“The 500 kV TrAIL transmission facility was placed in service on May 23, 2011. According to PJM’s 2011 RTEP, TrAIL improves reliability into such congested areas as Washington, D.C., Baltimore and northern Virginia. It was built in three segments, connecting substations in southwestern Pennsylvania, northern West Virginia and northern Virginia. According to the 2006 RTEP, TrAIL relieves expected overloads on 500 kV circuits in West Virginia, Virginia, and Maryland. In its decision to approve the TrAIL facility, PJM stated that “[g]rowing west-to east power transfers to serve eastern load centers have been identified as a major driver of the generator deliverability-based overloads now observed on these circuits.” Not surprisingly, if ComEd’s costs would have been allocated according to the flow-based DFAX methodology, ComEd would not be responsible for any of the costs associated with the TrAIL enhancement. In comparison, a 100% postage stamp cost allocation forces ComEd to pay an estimated $162 million for a line that has been built to resolve anticipated reliability violations caused by power demands in the East.

“Susquehanna-Roseland and TrAIL are just two examples of the many Eastern-driven projects that will be paid for by consumers who appear to share little of the benefits. These backbone transmission facilities were approved to resolve specific anticipated reliability violations in the East, not to increase the general system-wide benefits discussed in the Order on Remand or the Order on Rehearing.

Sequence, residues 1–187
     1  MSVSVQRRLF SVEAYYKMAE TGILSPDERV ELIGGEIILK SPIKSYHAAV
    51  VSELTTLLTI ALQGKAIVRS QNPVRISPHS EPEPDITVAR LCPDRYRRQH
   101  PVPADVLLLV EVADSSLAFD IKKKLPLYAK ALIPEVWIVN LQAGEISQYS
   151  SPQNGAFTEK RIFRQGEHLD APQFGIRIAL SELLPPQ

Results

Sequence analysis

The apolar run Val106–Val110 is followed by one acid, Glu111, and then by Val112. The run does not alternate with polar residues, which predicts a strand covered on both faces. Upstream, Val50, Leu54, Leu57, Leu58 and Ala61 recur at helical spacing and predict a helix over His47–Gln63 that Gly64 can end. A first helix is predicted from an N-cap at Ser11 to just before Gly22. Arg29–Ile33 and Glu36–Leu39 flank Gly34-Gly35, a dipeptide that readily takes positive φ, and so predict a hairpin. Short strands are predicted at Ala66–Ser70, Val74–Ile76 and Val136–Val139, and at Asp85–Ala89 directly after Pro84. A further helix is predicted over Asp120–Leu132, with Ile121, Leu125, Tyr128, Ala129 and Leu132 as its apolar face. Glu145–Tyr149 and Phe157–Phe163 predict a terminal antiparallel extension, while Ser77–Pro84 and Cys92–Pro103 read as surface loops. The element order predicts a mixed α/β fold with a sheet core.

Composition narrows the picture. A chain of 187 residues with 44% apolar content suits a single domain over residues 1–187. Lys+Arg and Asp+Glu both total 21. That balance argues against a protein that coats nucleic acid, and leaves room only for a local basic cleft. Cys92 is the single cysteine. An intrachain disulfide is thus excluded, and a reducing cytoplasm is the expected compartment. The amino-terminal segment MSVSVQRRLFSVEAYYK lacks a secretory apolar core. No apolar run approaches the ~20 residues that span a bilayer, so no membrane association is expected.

System-wide Benefits

“Upon review, I conclude that even a roughly commensurate standard cannot be satisfied by the system-wide benefits described in this proceeding. The Order on Remand used PJM’s estimates from a generic 2011 ISO/RTO Metric Report to conclude that planning and operating a reliable transmission system produces as much as $2.2 billion in annual savings for the region. The order claimed the “benefits” created by planning and operating a reliable transmission system include: (1) using redispatch procedures to maintain reliability rather than power sales curtailments; (2) planning for future reliability needs on a region-wide rather than a utility-by-utility or state-by-state basis; (3) reducing reserve requirements and increasing demand response; and (4) reducing production costs, operating reserve costs and ancillary services costs. The Order on Remand characterized these annual savings as benefits in order to conclude that ComEd benefited from the transmission facilities by $225 million to $325 million.

“While I agree with the Order on Rehearing that each of the transmission facilities that operate at or above 500 kV is part of an interconnected transmission network, I disagree that planning and operating on a regional basis can be used to justify a 100% postage stamp cost allocation. The benefits comprising the $2.2 billion in the preceding paragraph are not actually benefits provided by the high voltage facilities at issue in this proceeding; they are the benefits utilities receive by virtue of their membership in the PJM RTO.